Aside from all the opinions about the sign-stealing scandals, there were a few interesting bits of information that came out of Fan Fest this year, specifically one clue on how the Dodgers might use young right-hander Dustin May, at least towards the beginning of the season.
Last season, the 22-year-old righty went 6-5 with a 3.38 ERA and 110 punchouts over 106-2/3 innings of work between Double-A Tulsa and Triple-A Oklahoma City before making his MLB debut in August. For the big league squad, he made 14 appearances, 10 of which came as a reliever. To the surprise of some pundits, he was selected to the NLDS roster against the Nationals and eventually made two more appearances in relief.
Be that as it may, the 2020 season is an entirely different animal. Present on the team now are Jimmy Nelson and Alex Wood, both of whom may conceivably compete for the final spot in the starting rotation. If all the available starting arms remain healthy through Cactus League play, it could mean that May will begin the season at OKC, perhaps being the first starting pitcher on deck in the event of an injury, even though he clearly has one of the Top 5 arms in the organization.
What’s more, he has options on his contract. Nelson and Wood do not.
Regardless, many fans are still wondering if there are any firm plans for May as the season progresses, specifically in terms of an innings limit..
One emerging line of thought is that the club will use May sparingly in the early portion of the year, saving the bulk of his workload for the stretch run of the regular season and into the playoffs. In this light, it doesn’t make much sense wasting many innings in the minors, especially if his stuff is as good as everyone says.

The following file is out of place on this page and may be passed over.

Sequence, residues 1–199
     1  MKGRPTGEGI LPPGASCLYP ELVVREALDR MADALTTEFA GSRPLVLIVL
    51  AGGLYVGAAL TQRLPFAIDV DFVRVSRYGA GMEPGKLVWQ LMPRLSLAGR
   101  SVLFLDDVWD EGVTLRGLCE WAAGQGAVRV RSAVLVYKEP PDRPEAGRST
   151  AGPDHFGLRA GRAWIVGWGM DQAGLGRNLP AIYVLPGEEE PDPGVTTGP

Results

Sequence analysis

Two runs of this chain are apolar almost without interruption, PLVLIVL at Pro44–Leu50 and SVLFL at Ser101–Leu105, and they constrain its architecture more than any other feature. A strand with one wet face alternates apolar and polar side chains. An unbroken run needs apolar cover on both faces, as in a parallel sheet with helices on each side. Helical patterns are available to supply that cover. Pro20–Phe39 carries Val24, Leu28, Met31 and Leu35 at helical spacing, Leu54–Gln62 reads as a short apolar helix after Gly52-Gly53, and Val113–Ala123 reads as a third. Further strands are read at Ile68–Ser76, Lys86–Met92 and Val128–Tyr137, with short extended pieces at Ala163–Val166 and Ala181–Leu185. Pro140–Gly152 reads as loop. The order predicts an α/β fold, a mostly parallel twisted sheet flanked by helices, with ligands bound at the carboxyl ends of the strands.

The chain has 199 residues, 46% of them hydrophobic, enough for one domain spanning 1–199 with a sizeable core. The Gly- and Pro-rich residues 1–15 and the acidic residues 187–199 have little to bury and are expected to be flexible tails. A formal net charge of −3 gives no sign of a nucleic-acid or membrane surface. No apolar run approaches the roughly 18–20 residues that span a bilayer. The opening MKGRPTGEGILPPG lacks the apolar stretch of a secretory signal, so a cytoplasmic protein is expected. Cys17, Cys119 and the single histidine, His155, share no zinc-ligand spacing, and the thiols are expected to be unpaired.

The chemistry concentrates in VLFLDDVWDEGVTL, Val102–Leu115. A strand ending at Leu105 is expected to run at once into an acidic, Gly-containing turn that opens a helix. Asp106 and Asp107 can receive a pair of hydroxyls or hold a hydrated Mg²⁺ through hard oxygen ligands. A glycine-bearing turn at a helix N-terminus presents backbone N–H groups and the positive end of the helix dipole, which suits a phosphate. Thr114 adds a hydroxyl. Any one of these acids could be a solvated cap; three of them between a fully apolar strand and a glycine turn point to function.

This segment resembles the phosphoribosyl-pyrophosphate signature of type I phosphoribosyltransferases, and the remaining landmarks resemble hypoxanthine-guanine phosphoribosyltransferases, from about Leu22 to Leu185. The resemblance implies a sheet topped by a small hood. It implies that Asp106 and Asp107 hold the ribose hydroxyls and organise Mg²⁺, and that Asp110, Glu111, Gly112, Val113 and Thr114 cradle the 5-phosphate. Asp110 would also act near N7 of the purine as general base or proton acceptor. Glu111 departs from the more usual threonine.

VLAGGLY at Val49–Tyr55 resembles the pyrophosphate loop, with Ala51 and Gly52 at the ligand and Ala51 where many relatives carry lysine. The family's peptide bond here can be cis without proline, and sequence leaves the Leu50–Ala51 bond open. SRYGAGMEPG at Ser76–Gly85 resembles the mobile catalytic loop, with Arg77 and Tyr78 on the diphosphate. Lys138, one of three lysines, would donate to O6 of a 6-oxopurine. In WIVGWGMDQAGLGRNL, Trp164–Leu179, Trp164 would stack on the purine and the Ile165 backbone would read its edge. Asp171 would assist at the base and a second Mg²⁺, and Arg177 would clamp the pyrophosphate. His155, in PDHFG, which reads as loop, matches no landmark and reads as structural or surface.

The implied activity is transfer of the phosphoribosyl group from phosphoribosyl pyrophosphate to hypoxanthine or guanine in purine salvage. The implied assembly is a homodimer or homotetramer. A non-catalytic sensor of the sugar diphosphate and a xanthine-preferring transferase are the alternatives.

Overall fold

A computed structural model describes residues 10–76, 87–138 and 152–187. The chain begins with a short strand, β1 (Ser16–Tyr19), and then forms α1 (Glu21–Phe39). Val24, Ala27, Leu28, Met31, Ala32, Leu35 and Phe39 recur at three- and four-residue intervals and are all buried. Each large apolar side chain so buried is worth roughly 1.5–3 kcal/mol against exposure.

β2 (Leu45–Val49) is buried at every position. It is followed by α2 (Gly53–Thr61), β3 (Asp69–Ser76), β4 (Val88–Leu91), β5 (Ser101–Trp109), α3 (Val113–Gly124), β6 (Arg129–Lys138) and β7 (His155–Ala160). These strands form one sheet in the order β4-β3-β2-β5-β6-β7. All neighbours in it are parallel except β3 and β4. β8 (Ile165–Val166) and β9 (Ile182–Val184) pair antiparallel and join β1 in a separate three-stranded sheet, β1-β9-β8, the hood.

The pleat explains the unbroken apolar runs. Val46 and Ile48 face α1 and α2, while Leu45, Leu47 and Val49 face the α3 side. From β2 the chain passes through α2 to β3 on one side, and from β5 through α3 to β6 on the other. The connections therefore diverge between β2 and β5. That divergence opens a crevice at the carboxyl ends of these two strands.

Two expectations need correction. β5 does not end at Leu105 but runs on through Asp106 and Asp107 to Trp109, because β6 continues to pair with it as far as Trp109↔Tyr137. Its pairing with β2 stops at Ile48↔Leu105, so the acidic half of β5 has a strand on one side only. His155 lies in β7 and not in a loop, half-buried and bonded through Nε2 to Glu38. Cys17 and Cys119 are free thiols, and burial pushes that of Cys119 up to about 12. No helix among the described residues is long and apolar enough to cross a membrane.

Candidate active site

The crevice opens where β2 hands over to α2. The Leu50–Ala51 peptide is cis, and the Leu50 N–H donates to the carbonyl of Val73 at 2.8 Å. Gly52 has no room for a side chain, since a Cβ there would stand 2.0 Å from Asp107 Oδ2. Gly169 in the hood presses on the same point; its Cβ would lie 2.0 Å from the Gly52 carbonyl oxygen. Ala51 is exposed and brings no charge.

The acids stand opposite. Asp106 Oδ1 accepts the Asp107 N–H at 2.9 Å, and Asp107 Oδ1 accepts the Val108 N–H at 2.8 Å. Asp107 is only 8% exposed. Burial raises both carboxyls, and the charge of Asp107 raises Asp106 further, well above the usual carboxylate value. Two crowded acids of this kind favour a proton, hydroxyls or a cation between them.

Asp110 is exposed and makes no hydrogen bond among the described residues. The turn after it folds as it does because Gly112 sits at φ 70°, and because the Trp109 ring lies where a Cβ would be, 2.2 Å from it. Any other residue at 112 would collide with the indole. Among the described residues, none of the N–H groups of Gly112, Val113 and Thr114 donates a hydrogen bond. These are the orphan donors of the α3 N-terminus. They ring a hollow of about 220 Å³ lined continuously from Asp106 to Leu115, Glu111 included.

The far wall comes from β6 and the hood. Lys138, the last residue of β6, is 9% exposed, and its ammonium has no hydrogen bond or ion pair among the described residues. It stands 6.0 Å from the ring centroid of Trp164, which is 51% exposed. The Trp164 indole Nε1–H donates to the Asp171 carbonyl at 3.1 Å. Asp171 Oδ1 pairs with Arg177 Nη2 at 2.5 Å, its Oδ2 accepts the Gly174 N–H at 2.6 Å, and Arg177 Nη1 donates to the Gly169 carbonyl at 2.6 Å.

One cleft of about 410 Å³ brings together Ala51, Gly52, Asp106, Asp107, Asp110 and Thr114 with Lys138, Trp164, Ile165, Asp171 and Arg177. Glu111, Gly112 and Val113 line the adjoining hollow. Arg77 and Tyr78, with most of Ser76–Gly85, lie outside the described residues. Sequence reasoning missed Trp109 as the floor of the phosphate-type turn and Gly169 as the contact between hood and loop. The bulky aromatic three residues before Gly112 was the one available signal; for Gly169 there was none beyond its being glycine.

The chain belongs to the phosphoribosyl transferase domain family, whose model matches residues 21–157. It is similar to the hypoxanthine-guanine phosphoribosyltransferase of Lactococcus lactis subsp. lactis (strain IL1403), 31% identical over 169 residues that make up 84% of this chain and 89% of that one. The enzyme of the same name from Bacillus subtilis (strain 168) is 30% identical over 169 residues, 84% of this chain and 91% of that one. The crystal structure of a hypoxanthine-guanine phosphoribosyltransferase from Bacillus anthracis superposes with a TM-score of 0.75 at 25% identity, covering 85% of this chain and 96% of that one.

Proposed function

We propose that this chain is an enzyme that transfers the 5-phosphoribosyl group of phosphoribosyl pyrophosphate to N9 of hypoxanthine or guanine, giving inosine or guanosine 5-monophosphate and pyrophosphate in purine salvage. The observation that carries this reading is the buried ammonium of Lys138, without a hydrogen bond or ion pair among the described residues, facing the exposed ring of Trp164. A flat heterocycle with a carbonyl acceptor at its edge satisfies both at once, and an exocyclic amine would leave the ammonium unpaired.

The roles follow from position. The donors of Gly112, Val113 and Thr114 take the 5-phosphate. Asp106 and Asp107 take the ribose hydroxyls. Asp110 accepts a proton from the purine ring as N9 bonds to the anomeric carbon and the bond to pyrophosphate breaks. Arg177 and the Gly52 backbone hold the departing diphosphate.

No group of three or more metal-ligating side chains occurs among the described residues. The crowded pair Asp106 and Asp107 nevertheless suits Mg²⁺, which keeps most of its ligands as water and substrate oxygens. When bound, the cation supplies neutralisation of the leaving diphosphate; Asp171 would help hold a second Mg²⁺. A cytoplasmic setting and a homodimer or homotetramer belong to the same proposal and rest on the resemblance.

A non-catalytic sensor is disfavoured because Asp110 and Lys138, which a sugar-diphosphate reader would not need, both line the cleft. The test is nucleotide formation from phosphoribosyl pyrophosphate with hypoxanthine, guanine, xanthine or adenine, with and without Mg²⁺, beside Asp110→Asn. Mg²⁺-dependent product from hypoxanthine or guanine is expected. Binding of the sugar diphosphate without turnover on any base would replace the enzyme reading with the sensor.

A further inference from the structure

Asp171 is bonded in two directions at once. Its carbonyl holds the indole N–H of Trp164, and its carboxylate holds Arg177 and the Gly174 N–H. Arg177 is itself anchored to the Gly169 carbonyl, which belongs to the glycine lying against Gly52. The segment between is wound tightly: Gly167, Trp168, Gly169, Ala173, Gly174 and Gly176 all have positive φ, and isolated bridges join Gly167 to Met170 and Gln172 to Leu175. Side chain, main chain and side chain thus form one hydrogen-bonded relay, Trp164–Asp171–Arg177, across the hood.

Another less-popular theory is that the club might still use May as a reliever in the majors, despite the claims the team made earlier this winter. This seems impractical, though, particularly because of the amount of big league depth the team has. As it stands now, there may be up to three or four capable relievers forced to begin their seasons on the farm.
Either way, there might be one or two “precautionary” visits to the injured list for May—if anything, to provide a few periods of rest.
Nevertheless, May will probably begin throwing on a five-day rotation once Cactus League play begins, stretching out his arm like starting pitchers normally do. If the Dodgers were to indeed begin May in the minors and allow him to throw about four or five innings a week for a month, it would seemingly keep him fresh while starting him out on a pace similar to how Walker Buehler was utilized in 2018.
The most important clue could be knowing exactly what the Dodgers have in mind in terms of an innings limit.
In any event, it’s certainly nice to know the club has a weapon of May’s caliber waiting to be unleashed.
It’s probably safe to say we’ll hear his name plenty come October.